With the Fall application season right around the corner, there is much news to report in the Singapore MBA scene. Chicago Booth decides to move its top-ranked EMBA program to Hong Kong with the last “Singapore” class graduating in 2015, after being in Singapore for 15 years… which although a blow to Singapore’s education hub aspirations, should open up opportunities for NUS, NTU and SMU in the EMBA space…  The NUS / UCLA Anderson EMBA ranks 3rd in the inaugural Economist EMBA rankings…. the only other Asian MBA EMBA program ranked is HKUST / Kellogg… INSEAD launches a Masters in Finance degree on its Singapore campus… As always, my comments are in italics.

School News

Chicago Booth Moves Its EMBA Program to Hong Kong (Bloomberg July 23) – here’s the Asia One piece

The UCLA Anderson / NUS Executive EMBA Program Ranked 3rd in Inaugural Economist Rankings (Economist July 18)

Nanyang Business School Hires New Dean (NTU Website) – Dean Kumar spent nearly 3 decades at USC Marshall and most recently, spent 2 years as Dean of Korea Advanced Institute of Science & Technology’s MBA program. 

NTU’s Nanyang Business School Launches Nanyang MBA Business Advisory Council (NTU Website July 16, 2013) – the council includes 10 senior business leaders in Singapore and is part of the school’s renewed focus on being “industry relevant.”

SMU Signs 6 MOU’s with Top Indian Universities for Masters and Executive Education (The Hindu July 17)

INSEAD launches Masters in Finance Degree (Insead Website) The post-experience degree is “designed to provide experienced financial industry professionals with the competitive skills to advance their careers and make greater contributions to their organisations—while they continue working.”

Useful Admissions Tips

How do B-Schools Factor IR Scores into MBA Admissions (Business Because) – looks like the IR score will become more important to business schools, especially for those planning careers in consulting.

“With only a year of information, the initial surveys reports MBAs that go into Consulting, Operations, and Finance have higher IR scores than the MBAs who go into human resources, marketing, or general management. In the middle of a conference call with GMAC – it was announced that top consulting firms like McKinsey and Bain have taken interest in knowing an applicant’s IR scores.”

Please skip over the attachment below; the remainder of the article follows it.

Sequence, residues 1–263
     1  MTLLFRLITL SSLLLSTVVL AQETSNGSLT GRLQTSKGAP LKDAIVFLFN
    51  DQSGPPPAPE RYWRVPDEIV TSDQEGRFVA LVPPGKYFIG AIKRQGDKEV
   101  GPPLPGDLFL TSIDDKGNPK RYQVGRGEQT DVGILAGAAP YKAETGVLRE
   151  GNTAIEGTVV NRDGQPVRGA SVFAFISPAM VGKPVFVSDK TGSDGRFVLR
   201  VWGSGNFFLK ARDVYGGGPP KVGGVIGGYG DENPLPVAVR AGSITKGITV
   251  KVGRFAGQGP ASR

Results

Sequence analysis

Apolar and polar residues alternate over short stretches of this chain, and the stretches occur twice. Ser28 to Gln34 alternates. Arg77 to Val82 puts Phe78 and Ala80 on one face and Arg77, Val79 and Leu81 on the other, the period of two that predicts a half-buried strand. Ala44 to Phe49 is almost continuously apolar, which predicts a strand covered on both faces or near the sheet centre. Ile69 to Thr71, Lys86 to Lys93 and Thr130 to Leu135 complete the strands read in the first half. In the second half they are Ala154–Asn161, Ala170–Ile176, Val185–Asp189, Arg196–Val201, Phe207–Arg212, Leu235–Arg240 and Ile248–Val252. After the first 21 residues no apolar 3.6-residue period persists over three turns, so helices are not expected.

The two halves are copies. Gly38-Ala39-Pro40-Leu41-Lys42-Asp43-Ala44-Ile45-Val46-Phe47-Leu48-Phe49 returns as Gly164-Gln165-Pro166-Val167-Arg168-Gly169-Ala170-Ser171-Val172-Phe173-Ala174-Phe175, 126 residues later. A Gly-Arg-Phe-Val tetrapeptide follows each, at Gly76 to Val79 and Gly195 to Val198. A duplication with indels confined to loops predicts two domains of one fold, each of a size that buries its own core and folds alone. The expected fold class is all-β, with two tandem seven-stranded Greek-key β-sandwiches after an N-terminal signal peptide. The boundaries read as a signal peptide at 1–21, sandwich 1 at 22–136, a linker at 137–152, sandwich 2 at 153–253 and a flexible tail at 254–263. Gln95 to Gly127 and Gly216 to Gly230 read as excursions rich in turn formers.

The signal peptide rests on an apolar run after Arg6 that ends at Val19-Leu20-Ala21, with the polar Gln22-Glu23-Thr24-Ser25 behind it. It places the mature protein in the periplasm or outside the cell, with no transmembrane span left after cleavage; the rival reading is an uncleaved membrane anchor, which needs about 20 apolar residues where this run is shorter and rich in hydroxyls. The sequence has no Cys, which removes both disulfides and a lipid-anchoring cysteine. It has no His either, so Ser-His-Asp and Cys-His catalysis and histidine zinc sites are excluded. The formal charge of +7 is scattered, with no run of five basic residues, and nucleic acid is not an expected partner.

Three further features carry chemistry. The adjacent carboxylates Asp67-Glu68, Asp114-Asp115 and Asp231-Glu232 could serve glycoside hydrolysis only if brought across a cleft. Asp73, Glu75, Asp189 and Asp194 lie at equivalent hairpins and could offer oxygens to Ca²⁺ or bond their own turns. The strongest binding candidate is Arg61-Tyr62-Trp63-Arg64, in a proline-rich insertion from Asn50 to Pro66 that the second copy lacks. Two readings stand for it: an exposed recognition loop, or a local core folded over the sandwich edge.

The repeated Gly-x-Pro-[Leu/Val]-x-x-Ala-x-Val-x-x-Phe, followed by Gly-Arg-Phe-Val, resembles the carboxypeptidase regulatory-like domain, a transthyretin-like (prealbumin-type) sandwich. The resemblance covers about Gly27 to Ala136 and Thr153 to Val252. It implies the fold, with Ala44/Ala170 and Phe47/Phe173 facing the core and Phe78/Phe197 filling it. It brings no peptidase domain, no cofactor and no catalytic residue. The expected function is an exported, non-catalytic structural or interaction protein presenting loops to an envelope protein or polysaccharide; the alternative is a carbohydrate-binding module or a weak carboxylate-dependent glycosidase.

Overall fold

The Truth About MBA Applications (Bloomberg Business Week June 13 2013) – Wow! 57% of candidates surveyed used consultants during the admissions process. Candidates should at the very least get a family member or colleague or friend to read and edit their essays.

“A survey of more than 350 business school applicants by a group that represents MBA admissions consultants found that 57 percent used consultants during the admissions process—far more than previous studies have found. And 38 percent were asked to write their own letters of recommendation, with some groups—including international applicants and those in finance—reporting far higher numbers.”

INSEAD MBA Admissions Q&A with Ms. Caroline Diarte Edwards, Director of Fortuna Admissions

“INSEAD places a huge value on being international and having the ability to work in different markets, and giving participants international mobility.”

Applying to INSEAD? Then you must listen to this episode.

Caroline Diarte Edwards was Director of Admissions for INSEAD’s MBA program for 7 years, from 2005-2012, and is now Director of Fortuna Admissions, a MBA admissions consultancy which boasts 5 former Admissions Directors from INSEAD, Wharton, Haas and IE. She joins the show to talk in depth about INSEAD’s 4 admissions criteria (academic capacity, international capacity, leadership potential, ability to contribute), and what applicants can do if they are weak in any of these areas.

We also talk about what to expect (and do) in interviews, whether it’s beneficial to apply in earlier rounds, the January vs. Fall intake, and the importance of getting a first-hand experience of the INSEAD community. Carolyn gives great insight into the admissions process for the benefit of our audience.

INSEAD was ranked #6 this year by the Financial Times and is consistently regarded as one of the top business schools outside the US. Each cohort in the 10 month program boasts over 80 nationalities and graduates work in over 50 (!) countries post MBA. The program also has 2 intakes, one in the Fall and one in January.

Listen on for much, much more!

Show Notes

Singapore MBA Straight Talk: MBA Salaries in Singapore

In our “Straight Talk” series, we go beyond schools’ marketing campaigns and give straight answers to MBA applicants’ most pressing questions.

One of the most popular posts on this site is What’s the Average Salary for Singapore MBA Graduates. A MBA is a huge investment, with tuitions ranging from $55,000 SGD (Nanyang MBA) to $96,000 SGD (INSEAD). Naturally, those seeking MBAs in Singapore want to know what starting average salaries are to figure out their possible return on investment.

In this Straight Talk post, I want to focus on what average salaries are for MBA graduates from NUS, Nanyang and SMU, and help you cut through the often conflicting salary information you see on school web sites, ranking publications, and salary sites (INSEAD has a very detailed employment statistics report which is pretty much self-explanatory).